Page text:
Before continuing i would like to encourage you to give it a shoot and see if you are able to archive it, you can do it in a chess board or just draw the 8 x 8 grid on a paper.
If you have been able to do it, congrats, for some people it's and impossible task to solve.
If you didn't, don't worry, I have friends that tried it for months, later they discovered they could just search it on the Internet and finally got it.
Well there are a total of 92 different solutions to this puzzle, but only 12 of them are different positions, the other 80 are obtained by rotating the board.
So the plan it's to wok with this 12 positions and make a figure of this positions.
Step 3: Working With the Solutions
Look at all the inserted images, the first 12 of them are the 12 different solutions, and the next 12 you can see the have been edited.
The last 12 images have been square color coded, with one criteria, que further the square it's from a queen, the lighter it's, I'm creating a map that later will be used to give different depth to each of the squares, meaning that the squares containing a queen will be deeper and the ones that don't have a queen near will act like a mountain.
Step 4: Creating a Volume From the Positions
Now we have the faces of our volume prepare for the final 3d figure. As we have 12 different faces, we can't do an easy and well known cube, as you may have guess we will be using a dodecahedron, as it has the 12 faces we need.
Yes, we have a slightly problem the faces of the dodecahedron are pentagons, our chess boards are squares, so we need a way to transform then.
I tried different methods and chose one I found the coolest, consists of the following:
- We divide a pentagon in half, from the top vertex to the half point of the side under it.
- We pick the dividing line from the previous step and divide it in 8, we also take the bottom right side and divide it in 8. Finally we connect the 8 division from both sides.
-We pick the upper right side and we divide it in 4, we do the same with the base and as in the previous step we connect them.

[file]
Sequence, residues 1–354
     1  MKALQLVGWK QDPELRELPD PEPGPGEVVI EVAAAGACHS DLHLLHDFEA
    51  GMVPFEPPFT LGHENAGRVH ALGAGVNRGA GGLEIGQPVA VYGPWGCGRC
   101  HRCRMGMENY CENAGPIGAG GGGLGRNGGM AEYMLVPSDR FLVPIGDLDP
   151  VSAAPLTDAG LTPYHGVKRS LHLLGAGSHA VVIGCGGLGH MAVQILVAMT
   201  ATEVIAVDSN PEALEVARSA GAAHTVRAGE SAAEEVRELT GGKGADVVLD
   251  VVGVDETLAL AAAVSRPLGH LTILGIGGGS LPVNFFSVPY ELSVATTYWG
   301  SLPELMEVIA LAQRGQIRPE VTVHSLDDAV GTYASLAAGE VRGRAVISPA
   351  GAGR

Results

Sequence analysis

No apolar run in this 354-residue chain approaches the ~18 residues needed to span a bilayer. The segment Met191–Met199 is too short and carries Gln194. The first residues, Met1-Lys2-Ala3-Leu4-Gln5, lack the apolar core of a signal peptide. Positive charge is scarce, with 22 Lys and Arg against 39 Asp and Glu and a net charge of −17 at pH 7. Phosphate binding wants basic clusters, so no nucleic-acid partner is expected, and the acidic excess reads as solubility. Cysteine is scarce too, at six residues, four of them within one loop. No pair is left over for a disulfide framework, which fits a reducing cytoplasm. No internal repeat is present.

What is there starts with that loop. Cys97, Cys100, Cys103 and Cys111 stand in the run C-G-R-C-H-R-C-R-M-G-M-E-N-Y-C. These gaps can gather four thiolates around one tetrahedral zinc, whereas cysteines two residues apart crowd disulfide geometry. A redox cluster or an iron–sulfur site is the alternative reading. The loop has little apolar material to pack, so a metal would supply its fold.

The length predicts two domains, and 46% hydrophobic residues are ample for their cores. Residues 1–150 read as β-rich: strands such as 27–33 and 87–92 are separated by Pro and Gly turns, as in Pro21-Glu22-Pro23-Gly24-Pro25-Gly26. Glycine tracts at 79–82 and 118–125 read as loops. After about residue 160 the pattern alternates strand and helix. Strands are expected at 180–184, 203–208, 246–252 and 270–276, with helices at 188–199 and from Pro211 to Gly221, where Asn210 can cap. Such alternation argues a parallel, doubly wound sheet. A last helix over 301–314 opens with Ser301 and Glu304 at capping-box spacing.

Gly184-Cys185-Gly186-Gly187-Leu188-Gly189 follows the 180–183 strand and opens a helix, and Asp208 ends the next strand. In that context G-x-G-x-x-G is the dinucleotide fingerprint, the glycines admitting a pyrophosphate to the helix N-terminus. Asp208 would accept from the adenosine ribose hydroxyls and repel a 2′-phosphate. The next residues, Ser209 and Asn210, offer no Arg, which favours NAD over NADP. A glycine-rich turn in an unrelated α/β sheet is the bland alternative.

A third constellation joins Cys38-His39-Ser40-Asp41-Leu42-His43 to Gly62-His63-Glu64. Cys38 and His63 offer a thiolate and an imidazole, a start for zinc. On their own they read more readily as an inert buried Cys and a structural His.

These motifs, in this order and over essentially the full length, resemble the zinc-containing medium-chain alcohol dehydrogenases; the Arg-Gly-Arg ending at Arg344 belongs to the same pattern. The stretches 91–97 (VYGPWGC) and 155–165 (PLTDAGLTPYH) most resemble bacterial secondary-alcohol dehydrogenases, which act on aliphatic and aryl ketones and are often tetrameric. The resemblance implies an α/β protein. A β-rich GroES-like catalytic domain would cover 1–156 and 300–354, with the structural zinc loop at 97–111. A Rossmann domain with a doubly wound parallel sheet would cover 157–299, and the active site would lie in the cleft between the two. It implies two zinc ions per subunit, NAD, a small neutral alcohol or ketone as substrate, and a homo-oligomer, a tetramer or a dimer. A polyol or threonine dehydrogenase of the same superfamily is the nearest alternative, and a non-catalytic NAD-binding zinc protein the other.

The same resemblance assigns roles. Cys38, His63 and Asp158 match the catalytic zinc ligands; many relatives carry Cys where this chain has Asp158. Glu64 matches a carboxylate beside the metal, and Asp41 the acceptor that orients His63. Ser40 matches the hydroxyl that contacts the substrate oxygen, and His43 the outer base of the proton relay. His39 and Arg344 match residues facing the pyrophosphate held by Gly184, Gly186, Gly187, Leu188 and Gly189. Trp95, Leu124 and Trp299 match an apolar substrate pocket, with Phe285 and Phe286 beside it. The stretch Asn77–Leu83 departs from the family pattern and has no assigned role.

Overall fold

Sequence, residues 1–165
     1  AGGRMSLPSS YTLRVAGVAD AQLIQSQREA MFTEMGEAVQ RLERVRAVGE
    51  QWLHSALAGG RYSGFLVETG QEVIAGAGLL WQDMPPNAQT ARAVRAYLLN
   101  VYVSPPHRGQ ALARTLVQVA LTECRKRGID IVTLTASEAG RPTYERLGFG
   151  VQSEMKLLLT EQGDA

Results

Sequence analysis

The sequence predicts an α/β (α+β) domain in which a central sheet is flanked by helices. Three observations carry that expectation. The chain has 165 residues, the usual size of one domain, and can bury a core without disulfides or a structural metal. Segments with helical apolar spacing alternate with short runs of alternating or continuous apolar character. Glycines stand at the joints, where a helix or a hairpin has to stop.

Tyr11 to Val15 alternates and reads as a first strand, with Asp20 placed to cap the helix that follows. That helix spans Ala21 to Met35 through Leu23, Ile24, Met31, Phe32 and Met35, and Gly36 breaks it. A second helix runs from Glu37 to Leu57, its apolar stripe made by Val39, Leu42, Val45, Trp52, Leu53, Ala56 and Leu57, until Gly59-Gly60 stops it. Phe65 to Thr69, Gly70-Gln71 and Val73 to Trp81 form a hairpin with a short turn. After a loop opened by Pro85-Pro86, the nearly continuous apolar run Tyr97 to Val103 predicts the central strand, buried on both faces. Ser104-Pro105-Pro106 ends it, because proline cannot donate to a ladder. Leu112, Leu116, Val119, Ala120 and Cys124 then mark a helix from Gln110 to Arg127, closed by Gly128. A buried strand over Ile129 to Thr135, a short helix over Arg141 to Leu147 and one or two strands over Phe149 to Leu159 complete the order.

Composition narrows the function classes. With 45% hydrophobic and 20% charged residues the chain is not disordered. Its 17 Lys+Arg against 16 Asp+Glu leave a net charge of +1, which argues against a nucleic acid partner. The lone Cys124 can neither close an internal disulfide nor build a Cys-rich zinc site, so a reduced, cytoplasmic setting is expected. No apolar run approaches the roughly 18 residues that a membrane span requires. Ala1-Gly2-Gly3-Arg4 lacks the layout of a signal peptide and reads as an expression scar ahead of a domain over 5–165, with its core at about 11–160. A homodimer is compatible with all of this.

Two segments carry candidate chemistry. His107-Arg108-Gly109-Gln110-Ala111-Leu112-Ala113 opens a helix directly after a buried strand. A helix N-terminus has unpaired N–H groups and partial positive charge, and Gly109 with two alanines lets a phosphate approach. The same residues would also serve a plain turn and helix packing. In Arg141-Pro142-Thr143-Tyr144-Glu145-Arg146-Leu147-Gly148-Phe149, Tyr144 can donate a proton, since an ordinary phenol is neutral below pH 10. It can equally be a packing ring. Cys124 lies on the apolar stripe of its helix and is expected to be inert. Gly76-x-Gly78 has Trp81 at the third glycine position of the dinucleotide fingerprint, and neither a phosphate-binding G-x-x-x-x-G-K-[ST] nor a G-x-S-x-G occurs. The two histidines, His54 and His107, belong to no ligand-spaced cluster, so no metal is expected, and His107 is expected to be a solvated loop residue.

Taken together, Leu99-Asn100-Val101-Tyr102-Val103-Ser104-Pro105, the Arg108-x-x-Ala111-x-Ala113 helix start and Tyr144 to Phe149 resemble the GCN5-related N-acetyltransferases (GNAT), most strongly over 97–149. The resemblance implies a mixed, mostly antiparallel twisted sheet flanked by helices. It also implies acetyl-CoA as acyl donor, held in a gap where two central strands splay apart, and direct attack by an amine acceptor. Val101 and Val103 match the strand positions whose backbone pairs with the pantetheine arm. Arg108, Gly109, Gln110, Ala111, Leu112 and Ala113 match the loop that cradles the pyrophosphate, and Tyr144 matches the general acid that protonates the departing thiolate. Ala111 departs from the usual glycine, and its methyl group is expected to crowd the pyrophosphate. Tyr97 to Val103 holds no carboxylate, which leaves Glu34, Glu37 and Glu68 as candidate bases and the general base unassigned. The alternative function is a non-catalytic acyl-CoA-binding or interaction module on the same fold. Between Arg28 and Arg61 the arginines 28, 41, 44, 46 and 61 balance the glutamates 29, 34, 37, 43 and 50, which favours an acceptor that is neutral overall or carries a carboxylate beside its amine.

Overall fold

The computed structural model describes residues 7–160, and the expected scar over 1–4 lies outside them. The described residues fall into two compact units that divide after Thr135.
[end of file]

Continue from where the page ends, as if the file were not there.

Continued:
-Finally we mirror what we have done with the right side in the left.
Maybe it's not the best geometry explanation, but seeing the image I'm sure you'll understand it.
So after this we are left with a let's call it " 8 x 8 pentagon " and now we only need to apply the depth to the faces and build up the volume
Step 5: Generating the Depth in the Faces
Now it's time to combine the depth map and the " 8 x 8 pentagons" so I took the pictures with the depth map and for each of them I assigned different heights, adding 0,2 units ( as it was later scaled for 3D printing measures are different but proportions the same) for higher (further from queens) level. look the photos for some examples.
And finally I arranged the faces forming a dodecahedron.(For those wandering the angle is around 116.6º)
Step 6: Final Step: 3D Printing.
Finally we only need to take export the stl file to the slicer and after it send it to the printer. Remove the supports and we are done.
It was printed in a ender 3, maybe not the best settings, as I'am still a starter of this amazing world, but it looks good.
I scaled it to be 4cm tall, and from the 2h 8 min, it actually only took 1h 58 min, which is nice.
I have attached the stl of the object(not the direct gcode as I keep running in internal server error when uploading it), feel free to edit it.
I really hope you like my project, I'am looking forward to seeing if any of you tries to do maybe a 10 x 10 one, modify it in coolers ways or whatever your brains are capable of creating.
Thank you for reading and congratulations for being able to read until the end, I am sure not everyone will. Votes and comments are appreciated, ask if anything is not clear.
Participated in the
Made with Math Contest